U.S. Sen. Al Franken appears at Willmar Senior High School graduation

WILLMAR -- They said not to clap until all 236 Willmar High School graduates had crossed the stage Sunday-- but some audience members just couldn't help themselves.Stomping, shaking the bleachers, screaming and cheering, they went stir-crazy when...

Al Franken
U.S. Sen. Al Franken, DFL-Minn. speaks Sunday during Willmar Senior High School graduation ceremony. He came to introduce graduate Muna Abdulahi, who was a page for the Senate last summer in Washington, D.C. "I was very impressed with her poise and her intelligence," he told the crowd. (RAND MIDDLETON | TRIBUNE)
We are part of The Trust Project.

WILLMAR - They said not to clap until all 236 Willmar High School graduates had crossed the stage Sunday- but some audience members just couldn’t help themselves.
Stomping, shaking the bleachers, screaming and cheering, they went stir-crazy when the names of their mortarboard-wearing loved ones were announced on stage to receive their diplomas.
Willmar High School graduations typically almost exclusively feature student speakers, but Sunday’s  2 p.m. ceremony was different - joining school board members on stage in the gymnasium was sitting U.S. Senator Al Franken.
Franken had asked to speak at the ceremony because Muna Abdulahi, one of this year’s graduates, had been a U.S. Senate page last summer in Washington, D.C., and he’d been largely impressed with her.
The senator was the fourth speaker of the day, after Superintendent Jeff Holm, Class President Tate Hovland, and Valedictorian Maité Marin-Mera.
Hovland talked about how accomplished and diverse this year’s graduates are.
“My advice to you is to live your life without setting a bar, because that will mean there is a limit to what you can do,” Hovland said.
Marin-Mera also focused on the diverse perspectives of this year’s class - and its ability to coexist through those perspectives.
“It is this quality of Willmar that makes us such a unique class,” Marin-Mera said. She advised the class against limiting their future life perspectives.
“I want to thank Maité and Tate for their thoughtful remarks. This is what future leaders look like,” Franken said.
The former comedian and Harvard alum mostly stuck to serious issues in his short speech, but ad libbed quips about wrestling (graduate Colten Carlson was the 2016 160-pound state champion) and the ‘Friends’ theme song (which was performed at the ceremony as this year’s class song).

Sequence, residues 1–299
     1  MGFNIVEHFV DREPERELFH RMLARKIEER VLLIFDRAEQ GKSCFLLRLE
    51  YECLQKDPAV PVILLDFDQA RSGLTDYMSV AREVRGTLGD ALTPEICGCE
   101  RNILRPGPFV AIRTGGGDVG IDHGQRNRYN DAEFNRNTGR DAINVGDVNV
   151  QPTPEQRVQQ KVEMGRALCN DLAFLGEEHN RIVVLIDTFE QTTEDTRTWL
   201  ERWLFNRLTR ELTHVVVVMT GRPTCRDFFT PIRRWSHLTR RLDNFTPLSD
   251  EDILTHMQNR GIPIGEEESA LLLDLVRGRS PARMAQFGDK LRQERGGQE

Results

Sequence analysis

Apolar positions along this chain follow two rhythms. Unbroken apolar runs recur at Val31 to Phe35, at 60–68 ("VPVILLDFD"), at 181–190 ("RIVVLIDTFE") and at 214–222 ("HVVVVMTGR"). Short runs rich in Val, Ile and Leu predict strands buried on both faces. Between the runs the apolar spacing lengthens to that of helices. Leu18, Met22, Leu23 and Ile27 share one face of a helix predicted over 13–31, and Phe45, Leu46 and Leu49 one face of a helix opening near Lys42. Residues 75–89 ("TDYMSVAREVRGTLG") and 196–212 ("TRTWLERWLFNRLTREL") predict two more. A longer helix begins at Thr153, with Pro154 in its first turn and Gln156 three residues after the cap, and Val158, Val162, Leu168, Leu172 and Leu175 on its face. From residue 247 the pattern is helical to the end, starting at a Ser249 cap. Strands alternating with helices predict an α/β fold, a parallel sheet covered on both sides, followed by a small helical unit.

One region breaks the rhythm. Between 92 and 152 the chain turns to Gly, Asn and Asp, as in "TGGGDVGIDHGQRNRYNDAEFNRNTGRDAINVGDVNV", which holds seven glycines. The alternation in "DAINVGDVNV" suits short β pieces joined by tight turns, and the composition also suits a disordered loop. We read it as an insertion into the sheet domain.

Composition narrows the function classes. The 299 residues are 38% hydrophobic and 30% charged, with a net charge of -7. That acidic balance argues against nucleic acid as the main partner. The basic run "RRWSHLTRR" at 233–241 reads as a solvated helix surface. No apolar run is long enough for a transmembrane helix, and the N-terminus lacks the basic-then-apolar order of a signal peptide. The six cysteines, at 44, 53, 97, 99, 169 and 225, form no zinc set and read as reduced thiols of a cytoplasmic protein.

Then, he introduced Abdulahi as the next speaker.
“I’m very certain [she] will be one of those leaders of the future,” Franken said. “I was very impressed with her poise and her intelligence.”
As she came onto the stage, Franken stuck out a hand for a handshake. Abdulahi went in for a big hug.
Her spoken word poetry-style graduation speech was followed by a standing ovation from the audience.
“I wasn’t a big fan of school until I became a big fan of me,” she said. “I wasn’t a big fan of school until I realized what a privilege it is to learn. That education was not the filling of a pail, but the lighting of a fire.”
The other standing ovation of the ceremony followed a performance from the Willmar High School Cardinal Band and Choir, which performed “Battle Hymn of the Republic” to roaring applause.
The ceremony ended with the traditional tossing of the mortarboards and a recessional out the gymnasium doors.
That’s when the parents and other audience members met their graduates on the other side with smiles, hugs, flowers and balloons, and maybe a kiss or two on the cheek.
The ceremony, as Franken noted, was also about those people - the parents of the 236 graduates.
“[This year’s parents] have truly earned a day to relax, to celebrate, to take pride in their achievements,” Franken said. “Parents are every bit as proud and excited and nervous as you are today.”
One chair stayed vacant at the Sunday ceremony in honor and memory of Tyler Lorensen, a member of this year’s senior class who died in September at age 17.

What to read next
The Red River Valley Water Supply Project will sue farmland owners for eminent domain if they don’t sign easements before July 8, 2022. Farmers say the project is paying one-tenth what others pay for far smaller oil, gas and water pipelines.
The Cowbot would be a way to mow down thistles as a way to control the spread of weeds, "like a Roomba for a pasture," says Eric Buchanan, a renewable energy scientist at the West Central Research and Outreach Center in Morris, Minnesota.
Attendees to a recent meeting at a small country church on the border of Minnesota and South Dakota found armed guards at the church entrance. Then someone saw an AR-15, prompting a visit by the sheriff. It's the latest development in a battle for the soul of Singsaas Church near Astoria, South Dakota. The conflict pits a divisive new pastor and his growing nondenominational congregation, who revived the old church, and many descendants of the church's old families, worried about the future of a pioneer legacy.
Impeachment trial of Jason Ravnsborg lasts only a day.